Pulitzer prize winning historian Doris Kearns Goodwin will present the third in the four-part Voices of America Distinguished Lecture Series at Colorado State University-Pueblo on Feb. 19. The event will be held at 8 p.m. in the Hoag Recital Hall on the CSU-Pueblo campus. Copies of Kearns Goodwin’s books will be available for sale at a 20 percent discount that evening and prior to the event at the CSU-Pueblo Bookstore.
Kearns Goodwin also will be the featured speaker at a workshop for educators from
3:30-5:30 p.m. on Feb. 19. Educators should call 719-369-3026 to make reservations both for the workshop and the performance. Individuals who already have made reservations for the free event may pick up their tickets the evening of the performance, or in External Affairs, Administration 320 on the CSU-Pueblo campus.
Because of limited seating, no additional reservations will be taken. It is recommended that ticket holders be in place 20-30 minutes prior to the performance as the general public will be allowed entry at 7:50 p.m. to claim unfilled seats. Doors to Hoag Hall Foyer will open at 7 p.m. to allow book sales to occur, followed by the doors to Hoag Recital Hall at 7:15 p.m.
The lecture series is made possible by a grant co-sponsored by CSU-Pueblo’s history department, Pueblo School District 70, and a consortium of 16 southeastern Colorado school districts under the umbrella of the Southern Colorado Teacher Education Alliance. It is funded by the U.S. Department of Education. The grant aims to improve K-12 school history programs through professional development for regional American history teachers. The series will conclude with author and former University of Vermont Professor James Loewen on May 13.
Kearns Goodwin has been writing about politics and baseball for more than two decades. Goodwin is the author of several books and has written for leading national publications. She is a commentator for NBC, and a consultant and on-air person for PBS documentaries on Lyndon B. Johnson, the Kennedy Family, Franklin Roosevelt, and Ken Burns’ The History of Baseball. She was the first female journalist to enter the Red Sox locker room.
In 1976, Mrs. Goodwin authored Lyndon Johnson & The American Dream, which became a New York Times best seller. She followed up in 1987 with the political biography, The Fitzgeralds and the Kennedys, which stayed on the New York Times Best-Seller List for five months. In 1990, it was made into a six-hour ABC miniseries. Her next book, No Ordinary Time: Franklin and Eleanor Roosevelt: The American Home Front During World War II, was awarded the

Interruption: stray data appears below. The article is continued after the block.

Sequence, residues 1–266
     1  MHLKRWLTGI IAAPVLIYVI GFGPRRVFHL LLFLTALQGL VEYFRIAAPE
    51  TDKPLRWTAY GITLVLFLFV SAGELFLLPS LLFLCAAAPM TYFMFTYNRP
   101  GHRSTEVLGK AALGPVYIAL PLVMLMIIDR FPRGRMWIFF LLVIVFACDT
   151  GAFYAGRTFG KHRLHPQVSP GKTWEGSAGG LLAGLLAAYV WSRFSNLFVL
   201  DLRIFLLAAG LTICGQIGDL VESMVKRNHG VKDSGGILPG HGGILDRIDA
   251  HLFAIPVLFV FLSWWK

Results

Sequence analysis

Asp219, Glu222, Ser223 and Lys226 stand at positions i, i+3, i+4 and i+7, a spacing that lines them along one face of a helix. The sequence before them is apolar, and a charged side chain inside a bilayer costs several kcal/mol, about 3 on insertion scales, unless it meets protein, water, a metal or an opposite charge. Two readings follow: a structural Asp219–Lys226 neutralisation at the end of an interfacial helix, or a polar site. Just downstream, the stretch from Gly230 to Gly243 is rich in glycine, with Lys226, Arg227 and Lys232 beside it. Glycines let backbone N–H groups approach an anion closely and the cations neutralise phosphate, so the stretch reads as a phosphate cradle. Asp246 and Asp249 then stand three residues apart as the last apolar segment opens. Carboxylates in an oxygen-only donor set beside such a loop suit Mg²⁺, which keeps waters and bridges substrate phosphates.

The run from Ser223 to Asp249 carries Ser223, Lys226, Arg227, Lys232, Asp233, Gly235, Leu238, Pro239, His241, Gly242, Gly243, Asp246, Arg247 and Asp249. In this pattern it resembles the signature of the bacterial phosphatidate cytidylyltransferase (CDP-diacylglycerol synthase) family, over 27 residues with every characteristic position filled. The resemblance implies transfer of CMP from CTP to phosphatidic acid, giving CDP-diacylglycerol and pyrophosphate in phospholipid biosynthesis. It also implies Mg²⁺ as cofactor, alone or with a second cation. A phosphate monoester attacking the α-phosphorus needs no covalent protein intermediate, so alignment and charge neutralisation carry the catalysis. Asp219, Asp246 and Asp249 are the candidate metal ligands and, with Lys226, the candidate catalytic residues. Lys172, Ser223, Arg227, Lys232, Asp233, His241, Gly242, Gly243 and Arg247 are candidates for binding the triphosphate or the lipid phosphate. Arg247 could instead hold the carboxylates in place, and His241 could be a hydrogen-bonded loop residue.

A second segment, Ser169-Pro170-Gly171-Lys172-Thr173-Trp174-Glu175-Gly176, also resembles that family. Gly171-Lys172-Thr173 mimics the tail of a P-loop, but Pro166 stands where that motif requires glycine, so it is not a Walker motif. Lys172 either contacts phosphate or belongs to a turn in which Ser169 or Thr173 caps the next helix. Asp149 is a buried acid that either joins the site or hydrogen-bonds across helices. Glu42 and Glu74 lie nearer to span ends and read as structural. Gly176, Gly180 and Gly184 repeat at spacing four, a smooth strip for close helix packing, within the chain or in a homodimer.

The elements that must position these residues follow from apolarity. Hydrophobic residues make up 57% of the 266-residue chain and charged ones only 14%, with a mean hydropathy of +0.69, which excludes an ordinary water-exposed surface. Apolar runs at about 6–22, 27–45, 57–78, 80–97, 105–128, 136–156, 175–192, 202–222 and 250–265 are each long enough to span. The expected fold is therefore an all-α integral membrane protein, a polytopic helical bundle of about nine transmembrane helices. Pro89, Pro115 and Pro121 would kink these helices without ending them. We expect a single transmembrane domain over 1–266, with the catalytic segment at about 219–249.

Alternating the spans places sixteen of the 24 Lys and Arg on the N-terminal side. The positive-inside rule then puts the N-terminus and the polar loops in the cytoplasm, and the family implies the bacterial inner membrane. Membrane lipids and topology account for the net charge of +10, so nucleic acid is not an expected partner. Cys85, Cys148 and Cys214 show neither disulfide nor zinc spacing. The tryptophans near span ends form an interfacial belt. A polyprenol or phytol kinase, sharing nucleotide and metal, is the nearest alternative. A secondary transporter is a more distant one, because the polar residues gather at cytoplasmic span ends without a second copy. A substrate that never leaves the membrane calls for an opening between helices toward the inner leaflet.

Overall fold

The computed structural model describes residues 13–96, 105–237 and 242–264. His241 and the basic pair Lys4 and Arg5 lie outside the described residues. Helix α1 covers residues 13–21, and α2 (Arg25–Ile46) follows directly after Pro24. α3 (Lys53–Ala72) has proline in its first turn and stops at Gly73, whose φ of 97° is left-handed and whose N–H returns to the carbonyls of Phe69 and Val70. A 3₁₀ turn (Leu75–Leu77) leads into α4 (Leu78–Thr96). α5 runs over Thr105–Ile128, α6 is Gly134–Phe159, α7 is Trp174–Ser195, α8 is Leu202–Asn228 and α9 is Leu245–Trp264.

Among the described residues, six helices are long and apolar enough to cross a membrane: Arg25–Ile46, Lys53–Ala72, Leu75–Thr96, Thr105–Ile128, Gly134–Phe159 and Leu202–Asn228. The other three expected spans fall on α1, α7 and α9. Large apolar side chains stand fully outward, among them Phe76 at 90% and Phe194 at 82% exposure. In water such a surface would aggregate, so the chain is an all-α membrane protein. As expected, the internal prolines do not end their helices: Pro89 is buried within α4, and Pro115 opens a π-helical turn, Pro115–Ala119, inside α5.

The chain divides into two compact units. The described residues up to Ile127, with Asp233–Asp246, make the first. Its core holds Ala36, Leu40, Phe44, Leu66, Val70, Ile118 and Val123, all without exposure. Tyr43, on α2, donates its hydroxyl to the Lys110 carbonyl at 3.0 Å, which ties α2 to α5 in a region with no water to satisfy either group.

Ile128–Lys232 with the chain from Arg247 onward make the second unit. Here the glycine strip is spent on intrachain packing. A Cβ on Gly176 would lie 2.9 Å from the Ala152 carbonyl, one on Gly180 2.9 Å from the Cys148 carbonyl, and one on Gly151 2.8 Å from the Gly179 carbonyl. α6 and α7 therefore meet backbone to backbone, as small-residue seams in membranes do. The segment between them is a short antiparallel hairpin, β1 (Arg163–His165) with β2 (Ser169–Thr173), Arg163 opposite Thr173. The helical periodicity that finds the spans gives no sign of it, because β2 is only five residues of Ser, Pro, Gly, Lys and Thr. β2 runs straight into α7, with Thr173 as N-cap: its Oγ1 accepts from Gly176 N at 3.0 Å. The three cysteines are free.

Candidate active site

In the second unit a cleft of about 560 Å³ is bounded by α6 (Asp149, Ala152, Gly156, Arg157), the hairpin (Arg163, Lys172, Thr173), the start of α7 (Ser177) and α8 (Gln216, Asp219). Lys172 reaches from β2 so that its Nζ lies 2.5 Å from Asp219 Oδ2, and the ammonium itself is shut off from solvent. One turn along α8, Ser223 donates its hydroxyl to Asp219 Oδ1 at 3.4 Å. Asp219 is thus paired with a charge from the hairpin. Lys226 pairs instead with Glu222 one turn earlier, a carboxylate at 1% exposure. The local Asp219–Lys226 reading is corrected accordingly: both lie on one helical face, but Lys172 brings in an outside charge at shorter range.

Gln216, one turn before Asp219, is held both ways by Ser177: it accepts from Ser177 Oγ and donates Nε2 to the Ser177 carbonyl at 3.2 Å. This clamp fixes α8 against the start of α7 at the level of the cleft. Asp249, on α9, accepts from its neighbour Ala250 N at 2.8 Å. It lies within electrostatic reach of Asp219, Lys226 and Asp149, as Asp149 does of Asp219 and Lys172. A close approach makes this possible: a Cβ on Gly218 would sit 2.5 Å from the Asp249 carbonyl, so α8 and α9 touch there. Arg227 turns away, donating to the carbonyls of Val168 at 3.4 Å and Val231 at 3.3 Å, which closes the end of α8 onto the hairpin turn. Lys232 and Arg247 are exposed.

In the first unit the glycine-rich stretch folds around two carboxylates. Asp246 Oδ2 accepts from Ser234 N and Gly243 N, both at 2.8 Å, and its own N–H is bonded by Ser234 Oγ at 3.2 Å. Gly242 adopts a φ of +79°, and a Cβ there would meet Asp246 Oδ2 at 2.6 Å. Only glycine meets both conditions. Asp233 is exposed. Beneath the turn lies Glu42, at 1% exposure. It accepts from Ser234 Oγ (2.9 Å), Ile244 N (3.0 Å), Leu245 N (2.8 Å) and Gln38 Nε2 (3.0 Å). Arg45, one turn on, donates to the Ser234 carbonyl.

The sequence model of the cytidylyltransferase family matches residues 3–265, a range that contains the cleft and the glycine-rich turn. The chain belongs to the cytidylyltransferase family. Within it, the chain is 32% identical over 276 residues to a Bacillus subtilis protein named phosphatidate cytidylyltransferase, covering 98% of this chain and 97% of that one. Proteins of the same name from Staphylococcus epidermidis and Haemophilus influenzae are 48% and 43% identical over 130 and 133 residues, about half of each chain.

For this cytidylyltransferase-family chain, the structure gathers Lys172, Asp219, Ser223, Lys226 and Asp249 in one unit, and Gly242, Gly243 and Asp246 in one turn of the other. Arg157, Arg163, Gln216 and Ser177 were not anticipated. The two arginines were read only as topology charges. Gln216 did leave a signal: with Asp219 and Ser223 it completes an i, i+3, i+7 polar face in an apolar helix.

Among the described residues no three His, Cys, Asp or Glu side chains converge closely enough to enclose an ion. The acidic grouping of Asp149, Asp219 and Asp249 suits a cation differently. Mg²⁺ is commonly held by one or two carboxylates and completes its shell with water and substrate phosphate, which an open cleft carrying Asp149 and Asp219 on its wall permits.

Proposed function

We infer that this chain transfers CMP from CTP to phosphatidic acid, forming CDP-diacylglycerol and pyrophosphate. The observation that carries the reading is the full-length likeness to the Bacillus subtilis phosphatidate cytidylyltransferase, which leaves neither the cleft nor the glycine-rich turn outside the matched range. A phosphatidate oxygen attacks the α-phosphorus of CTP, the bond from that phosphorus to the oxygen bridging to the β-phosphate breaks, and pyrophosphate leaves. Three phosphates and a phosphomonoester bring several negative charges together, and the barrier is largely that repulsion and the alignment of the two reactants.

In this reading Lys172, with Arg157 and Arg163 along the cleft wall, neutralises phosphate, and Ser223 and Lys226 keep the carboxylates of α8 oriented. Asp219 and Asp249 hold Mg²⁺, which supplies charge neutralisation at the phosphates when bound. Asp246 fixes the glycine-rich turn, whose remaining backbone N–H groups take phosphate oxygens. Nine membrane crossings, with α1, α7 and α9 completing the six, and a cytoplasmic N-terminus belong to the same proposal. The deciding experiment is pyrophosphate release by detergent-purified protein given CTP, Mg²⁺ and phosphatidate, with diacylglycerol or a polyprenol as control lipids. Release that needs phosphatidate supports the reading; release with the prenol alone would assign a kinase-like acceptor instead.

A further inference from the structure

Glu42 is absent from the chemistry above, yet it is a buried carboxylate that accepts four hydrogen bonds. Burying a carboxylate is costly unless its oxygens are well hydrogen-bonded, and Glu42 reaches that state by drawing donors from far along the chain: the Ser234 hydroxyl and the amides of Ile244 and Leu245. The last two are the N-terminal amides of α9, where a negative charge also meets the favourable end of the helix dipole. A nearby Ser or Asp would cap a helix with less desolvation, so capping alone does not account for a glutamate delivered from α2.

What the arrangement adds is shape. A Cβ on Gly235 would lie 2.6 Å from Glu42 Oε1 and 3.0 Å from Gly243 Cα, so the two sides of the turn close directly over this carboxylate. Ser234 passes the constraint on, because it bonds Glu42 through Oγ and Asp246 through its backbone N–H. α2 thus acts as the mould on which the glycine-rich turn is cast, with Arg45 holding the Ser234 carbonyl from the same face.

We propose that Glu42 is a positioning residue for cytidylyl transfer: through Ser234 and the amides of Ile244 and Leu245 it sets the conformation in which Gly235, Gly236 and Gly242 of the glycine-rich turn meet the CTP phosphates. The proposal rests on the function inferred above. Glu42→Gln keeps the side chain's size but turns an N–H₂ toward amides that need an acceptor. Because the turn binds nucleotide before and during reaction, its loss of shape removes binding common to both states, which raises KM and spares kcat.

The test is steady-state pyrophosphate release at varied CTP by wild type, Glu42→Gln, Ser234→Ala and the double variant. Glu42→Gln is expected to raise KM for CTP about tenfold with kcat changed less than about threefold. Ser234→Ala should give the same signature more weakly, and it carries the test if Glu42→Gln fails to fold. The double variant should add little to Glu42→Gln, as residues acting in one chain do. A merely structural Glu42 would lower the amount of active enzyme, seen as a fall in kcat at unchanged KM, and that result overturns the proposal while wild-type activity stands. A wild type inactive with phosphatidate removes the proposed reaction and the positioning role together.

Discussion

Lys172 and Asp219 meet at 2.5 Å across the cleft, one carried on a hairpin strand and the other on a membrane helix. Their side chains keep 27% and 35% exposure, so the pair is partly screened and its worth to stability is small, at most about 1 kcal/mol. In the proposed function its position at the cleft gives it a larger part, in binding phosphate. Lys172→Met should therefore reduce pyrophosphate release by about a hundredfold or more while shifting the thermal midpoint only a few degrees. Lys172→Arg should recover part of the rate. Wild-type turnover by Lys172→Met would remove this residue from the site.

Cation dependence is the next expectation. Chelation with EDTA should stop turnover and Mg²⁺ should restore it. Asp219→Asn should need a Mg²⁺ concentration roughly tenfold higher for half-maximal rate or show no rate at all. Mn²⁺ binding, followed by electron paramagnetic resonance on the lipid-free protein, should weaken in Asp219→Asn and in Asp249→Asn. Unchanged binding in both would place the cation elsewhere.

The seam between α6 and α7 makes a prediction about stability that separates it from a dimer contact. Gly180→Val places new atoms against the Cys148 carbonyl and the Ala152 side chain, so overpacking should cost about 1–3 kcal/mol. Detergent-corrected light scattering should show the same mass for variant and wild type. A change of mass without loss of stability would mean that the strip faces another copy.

Pulitzer Prize in April 1995, as well as the Harold Washington Literary Award, the New England
Bookseller Association Award, the Ambassador Book Award, and the Washington Monthly Book Award. It was a New York Times best seller for six months.
Mrs. Goodwin’s book, Wait Till Next Year: A Memoir, published in 1997, is about growing up in the 1950’s in love with the Brooklyn Dodgers. It has been a New York Times bestseller, as well as a Book of the Month Club selection. A Washington Post reviewer wrote, “This is a book in the grand tradition of girlhood memoirs, dating from Louisa May Alcott to Carson McCullers and Harper Lee.” It has been optioned for a musical.
Her most recent work, a monumental history of Abraham Lincoln entitled Team of Rivals: The Political Genius of Abraham Lincoln, published in October 2005, joined the best-seller lists on its first week in publication, and soon reached #1 on the New York Times Best-Seller List. Team of Rivals won the 2006 Lincoln Prize for an outstanding work about the president and/or the Civil War, the inaugural New York Historical Society Book Prize, the Richard Nelson Current award and the New York State Archives History Makers Award. Steven Spielberg is developing a feature film about the book, set to star Liam Neeson as Lincoln.
Born and raised on Long Island, N.Y., she received her B.A. from Colby College, where she graduated magna cum laude. While at Colby, she was inducted into Phi Beta Kappa, the international honor society. She received her Ph.D. in Government from Harvard University, where she taught Government including a course on the American Presidency. Following her tenure at Harvard, Goodwin served as an assistant to Lyndon Johnson in his last year in the White House. She later assisted Johnson in the preparation of his memoirs.
She is married to Richard Goodwin, who worked in the White House under both Kennedy and Johnson. His experience as the investigator who uncovered the quiz show scandals of the 1950s was captured in the Academy Award- nominated movie Quiz Show, directed by Robert Redford. Goodwin has three sons.